Unfortunately, as the writer realizes, all good things must come to an end and at the end of this blackberry patch is the sea. This may not be her very best work but I'd guess that most reviewers would prefer that it had been written rather than not. This proves to be quite ironic as the tone of the poem is one of solitude and loneliness. This saddens the reader because it instantly creates the image of it happening to Plath. In the guise of a vengeful bride of Dracula, she kills off the real and the imagined father, a monstrous, self-damning double murder intended to set her free. Theirs is the only voice, protesting, protesting. All of these complications were being thrown at her in every direction upon birth up until death.
Ironically it is full of life and color. However the second verse seems to show signs of things that seem to upset her. I love this poem for the way it is continually drawn beyond its subject, toward wonder. The lushness of berries leads her to a bush so ripe that it is decked in flies, hellish insects whose translucent wings stand out like the sheer panels of an oriental screen. In the introductory sentence of the first stanza, Nobody in the lane, and nothing, nothing but blackberries', the use of repetition and double negatives shows the monotony of her life and a sense of emptiness.
Her work continues to influence the writings of a new generation of feminists. From between two hills a sudden wind funnels at me, Slapping its phantom laundry in my face. Heany carries on his childish theme throughout by introducing references to children stories like Bluebeard and how his hands were sticky with blood. It could also have connitations with one of her memories. Plath is often celebrated for her extreme hatreds, for her acid satires of conventional life. Plath entered a productive period in 1962, when a renewed vigor and daring took her into ever-deepening levels of psychic expression.
When we look more closely into poetry. The poet-speaker, livid with rage and self-pity, envisions a third reclamation from death, with crass, peanut-eating gawkers pushing to get a look at the unwrapping of her body. The family returned to London in December 1959, months before the birth of daughter Frieda Rebecca and a subsequent move to a Devon manor house. Free Online Education from Top Universities Yes! I come to one bush of berries so ripe it is a bush of flies, Hanging their bluegreen bellies and their wing panes in a Chinese screen. The first stanza of the poem Blackberrying discusses Sylvia Plath being unhappy for reasons unknown. But when the bath was filled we found a fur, A rat fungus, glutting on our cache.
She talks about a blood sisterhood, how they have bonded together. The only man that had loved her as a young girl passed at an early age. This poem is composed of three stanzas. With the imagery you can almost sense death and depression. That life will never change for the better, it will be stagnate. In this context, Plath also makes a reference to the tradition of the Eucharist, in which the bread and wine consumed by the congregation in a church at Communion is said to be the flesh and blood of Christ.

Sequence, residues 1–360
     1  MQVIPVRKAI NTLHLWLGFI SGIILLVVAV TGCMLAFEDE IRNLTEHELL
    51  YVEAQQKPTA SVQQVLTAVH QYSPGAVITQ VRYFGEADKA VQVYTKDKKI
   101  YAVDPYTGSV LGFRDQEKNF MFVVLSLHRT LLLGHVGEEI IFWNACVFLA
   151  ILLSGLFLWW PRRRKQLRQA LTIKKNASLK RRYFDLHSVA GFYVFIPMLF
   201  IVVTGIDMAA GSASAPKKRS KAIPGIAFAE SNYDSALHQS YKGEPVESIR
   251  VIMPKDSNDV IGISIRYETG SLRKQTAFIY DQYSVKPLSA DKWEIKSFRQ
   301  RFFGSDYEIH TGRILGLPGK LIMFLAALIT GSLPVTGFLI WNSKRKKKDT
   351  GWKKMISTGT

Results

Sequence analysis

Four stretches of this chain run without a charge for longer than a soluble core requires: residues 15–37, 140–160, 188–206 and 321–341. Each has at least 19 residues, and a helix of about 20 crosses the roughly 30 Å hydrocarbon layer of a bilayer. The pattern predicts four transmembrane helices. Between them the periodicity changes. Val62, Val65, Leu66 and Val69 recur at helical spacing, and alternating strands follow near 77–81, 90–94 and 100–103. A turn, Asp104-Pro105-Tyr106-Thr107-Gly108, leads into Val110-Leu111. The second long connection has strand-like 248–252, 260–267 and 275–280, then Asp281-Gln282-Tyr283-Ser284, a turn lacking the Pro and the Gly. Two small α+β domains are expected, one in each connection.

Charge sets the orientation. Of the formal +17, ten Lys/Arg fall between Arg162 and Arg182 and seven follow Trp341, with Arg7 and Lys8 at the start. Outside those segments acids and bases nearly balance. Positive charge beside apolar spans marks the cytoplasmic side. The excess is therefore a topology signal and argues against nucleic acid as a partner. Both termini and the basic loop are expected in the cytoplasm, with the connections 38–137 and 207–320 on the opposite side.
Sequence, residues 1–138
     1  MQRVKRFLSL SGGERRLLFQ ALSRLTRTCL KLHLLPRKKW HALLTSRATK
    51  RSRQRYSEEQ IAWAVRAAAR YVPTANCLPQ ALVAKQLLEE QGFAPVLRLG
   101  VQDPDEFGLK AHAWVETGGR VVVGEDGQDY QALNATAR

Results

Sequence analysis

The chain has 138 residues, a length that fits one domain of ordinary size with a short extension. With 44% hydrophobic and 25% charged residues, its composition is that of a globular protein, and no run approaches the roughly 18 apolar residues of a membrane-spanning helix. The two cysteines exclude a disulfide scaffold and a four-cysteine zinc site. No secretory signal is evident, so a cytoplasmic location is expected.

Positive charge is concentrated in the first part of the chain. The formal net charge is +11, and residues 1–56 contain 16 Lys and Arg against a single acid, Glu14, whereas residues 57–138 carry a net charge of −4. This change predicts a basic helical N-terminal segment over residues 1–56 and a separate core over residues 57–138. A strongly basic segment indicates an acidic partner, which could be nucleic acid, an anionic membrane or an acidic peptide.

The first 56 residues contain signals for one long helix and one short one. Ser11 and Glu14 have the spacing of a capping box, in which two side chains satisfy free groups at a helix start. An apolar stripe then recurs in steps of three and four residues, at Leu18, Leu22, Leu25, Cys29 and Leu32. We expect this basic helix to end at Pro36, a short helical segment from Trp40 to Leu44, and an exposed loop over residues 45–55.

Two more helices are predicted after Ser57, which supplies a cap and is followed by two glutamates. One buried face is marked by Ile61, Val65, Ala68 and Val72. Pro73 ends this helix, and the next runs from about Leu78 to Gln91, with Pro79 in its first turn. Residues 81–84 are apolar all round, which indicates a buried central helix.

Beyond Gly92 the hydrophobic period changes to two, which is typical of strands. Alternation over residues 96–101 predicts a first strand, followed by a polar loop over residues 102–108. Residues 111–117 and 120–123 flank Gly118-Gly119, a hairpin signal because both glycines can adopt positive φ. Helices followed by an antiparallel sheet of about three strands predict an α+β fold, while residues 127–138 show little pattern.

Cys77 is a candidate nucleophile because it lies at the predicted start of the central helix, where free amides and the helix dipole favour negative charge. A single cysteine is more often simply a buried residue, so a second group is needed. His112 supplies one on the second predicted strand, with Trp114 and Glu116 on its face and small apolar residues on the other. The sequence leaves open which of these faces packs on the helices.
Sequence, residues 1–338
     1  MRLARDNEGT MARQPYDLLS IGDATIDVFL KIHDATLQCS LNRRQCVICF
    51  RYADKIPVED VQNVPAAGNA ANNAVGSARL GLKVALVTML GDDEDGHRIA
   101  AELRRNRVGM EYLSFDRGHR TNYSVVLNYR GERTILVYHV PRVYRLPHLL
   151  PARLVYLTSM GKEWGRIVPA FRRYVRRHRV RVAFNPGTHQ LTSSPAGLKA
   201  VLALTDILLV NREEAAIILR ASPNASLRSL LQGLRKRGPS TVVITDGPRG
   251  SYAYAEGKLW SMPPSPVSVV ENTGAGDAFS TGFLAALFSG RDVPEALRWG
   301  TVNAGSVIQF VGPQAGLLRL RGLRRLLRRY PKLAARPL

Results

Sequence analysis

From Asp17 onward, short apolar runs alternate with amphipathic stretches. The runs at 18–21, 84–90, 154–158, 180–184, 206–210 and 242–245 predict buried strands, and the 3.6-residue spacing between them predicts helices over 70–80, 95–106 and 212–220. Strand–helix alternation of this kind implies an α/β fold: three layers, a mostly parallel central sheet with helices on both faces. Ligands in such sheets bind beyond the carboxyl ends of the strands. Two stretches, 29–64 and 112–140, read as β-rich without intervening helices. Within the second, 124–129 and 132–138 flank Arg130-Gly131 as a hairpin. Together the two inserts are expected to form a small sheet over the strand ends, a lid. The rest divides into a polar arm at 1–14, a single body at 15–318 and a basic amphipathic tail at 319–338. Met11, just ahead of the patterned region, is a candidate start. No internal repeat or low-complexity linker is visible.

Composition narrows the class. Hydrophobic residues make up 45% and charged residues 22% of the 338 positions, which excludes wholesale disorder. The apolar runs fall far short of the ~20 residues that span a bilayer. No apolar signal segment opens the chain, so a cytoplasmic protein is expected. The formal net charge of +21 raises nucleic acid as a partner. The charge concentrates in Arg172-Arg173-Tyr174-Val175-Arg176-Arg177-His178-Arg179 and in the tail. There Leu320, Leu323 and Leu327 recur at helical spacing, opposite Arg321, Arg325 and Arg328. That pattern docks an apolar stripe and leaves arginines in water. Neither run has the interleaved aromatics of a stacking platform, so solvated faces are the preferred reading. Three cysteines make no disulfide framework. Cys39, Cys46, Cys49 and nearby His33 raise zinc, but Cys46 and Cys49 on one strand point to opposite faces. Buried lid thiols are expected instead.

The final verse is the most depressing. In the first stanza, Plath describes the path along which the blackberry bushes grow, and where her blackberry picking expedition has brought her. The fact that the flies are crowding among the blackberries could also be a reference to how rotten meat, the remnants of dead bodies, often attract flies. The woman discovers that nature is not always nice but can be cruel and harsh. They ride air currents as gracefully as fly ash blown from a fire, a blended image of cremation and release.
The high, green meadows are glowing, as if lit from within. But she was also capable of turning her titanic energies toward an expression of just how fabulous it is to be alive in the world. The line cacophonous flocks ends with an ellipsis, this means that there is a pause and she is thinking. It seems quite simple whenever first read. It means to stuff or in this case stuffing, the sound of it when spoken is how he has created imagery. The first-person mother evolves into a death-dealing arrow, the self-destroyer.
Just as Plath creates a space for the blackberries, they too do not hesitate to occupy that space. In line 13, the speaker doubts that the alley-shaped hedges will allow her a glimpse of the sea, an implication of spiritual release in the afterlife. I do not think the sea will appear at all. She thinks there is a sea at the end of the path, but she cannot see it. The notion that walking down a winding lane in search of blackberries and the sea can be quite uninteresting. She also tried to kill herself on sleeping pills while she was just a girl in college. The high, green meadows are glowing, as if lit from within.